In only a few weeks week we managed to see several blows to the gut of the local non-resident worker community.
From one side local authorities backtracked on the initially proposed consumer discount voucher scheme – which would cover every local resident – and presented a hybrid new plan including the previous consumer card scheme and some vouchers, but without including ‘blue cards’.
Although the proposal is still to be approved and finalised by the Legislative Assembly, Secretary for Economy and Finance, Lei Wai Nong, has assured the opinions of residents will be taken into consideration, which basically assures the measure will not include non-residents.
This time at least the local government can deflect some of the responsibility since public backlash ended up forcing its hand, but it is still baffling to see the disregard by authorities and residents alike to a community that has remained working in the city since the pandemic started, has obeyed all pandemic measures and greatly contributed for the SAR to continue operating as normal since this crisis started.
Such measures are especially harsh to non-mainland Chinese foreign workers, who are not even really allowed to cross the border to china without jumping several hoops or see their families without having to face lengthy quarantines that would likely cost them their job anyway.
After all, a foreign worker would gladly accept any consumer discount vouchers that were so strongly rejected by local residents who are even already entitled to an early distribution of the annual cash handout.
Many have been the first to be laid off when the pandemic first hit the local economy and now have to choose to either stay and burn to their meagre savings or leave since they are not even able to be rehired due to the new labour law.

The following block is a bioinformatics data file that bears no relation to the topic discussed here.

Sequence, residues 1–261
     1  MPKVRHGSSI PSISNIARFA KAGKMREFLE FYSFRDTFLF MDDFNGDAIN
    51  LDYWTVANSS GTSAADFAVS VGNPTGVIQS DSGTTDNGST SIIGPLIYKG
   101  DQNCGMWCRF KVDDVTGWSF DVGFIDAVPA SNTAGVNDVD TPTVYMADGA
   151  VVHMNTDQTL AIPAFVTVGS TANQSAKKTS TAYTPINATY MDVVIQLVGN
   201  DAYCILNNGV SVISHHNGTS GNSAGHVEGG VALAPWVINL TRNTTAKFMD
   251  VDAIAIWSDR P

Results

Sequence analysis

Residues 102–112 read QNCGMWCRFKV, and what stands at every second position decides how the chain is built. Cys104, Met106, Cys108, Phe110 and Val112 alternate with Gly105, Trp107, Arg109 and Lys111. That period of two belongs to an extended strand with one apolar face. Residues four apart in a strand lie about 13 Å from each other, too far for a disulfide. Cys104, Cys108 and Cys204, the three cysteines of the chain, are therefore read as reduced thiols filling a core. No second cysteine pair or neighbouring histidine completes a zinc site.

Chief Executive Ho Iat Seng himself has revealed that there are currently 3,000 unemployed non-residents in the city, including 1,100 domestic workers, and in another blow to this community has expressed authorities are more focused on arranging flights for them to leave the city than try to find some compromise to the current labour regulations that would temporarily allow them to be rehired.
It is also interesting to suddenly see the same legislators who approved the current labour law last year without hesitation to suddenly urge local authorities to temporarily suspend such regulations, as businesses and families alike regularly complain of not being able to either find employees or a domestic helper.
It was good to see the CE show some openness for at least vaccinated domestic workers to be allowed in and maybe some family relatives of local non-resident workers out of humanitarian reasons, but such easing of restrictions still seems far away.
The fact that blue cards were allowed to receive a Covid-19 vaccine was also a generous measure that should be applauded, considering the soberness displayed by many residents when it comes to receiving a jab that is currently the only way out of this dire economic situation.
However, the situation of several non-resident workers remains dire as numbers for requests for food donations by local NGO’s has shot up.
It was also shocking to see authorities state they have no idea of the real extent of how many residents are under non-paid leave schemes and continue to point to unemployment statistics that do not show the whole picture.
However, the truth is that for many residents being under a no-paid leave scheme is currently better than nothing. Unless they suddenly decide to work as domestic helpers or construction workers, then maybe the situation would be quickly resolved.
So as visitor numbers slowly go up, the main question now is for how long will Macau have to tighten its belt until returning to the same pre-pandemic levels, if it ever will.
Until then the local authorities and the local community will have to think long and hard if the previous employment situation can be recovered.
Because if it can’t, local resident expectations for job stability and wages will maybe have to be seriously reassessed.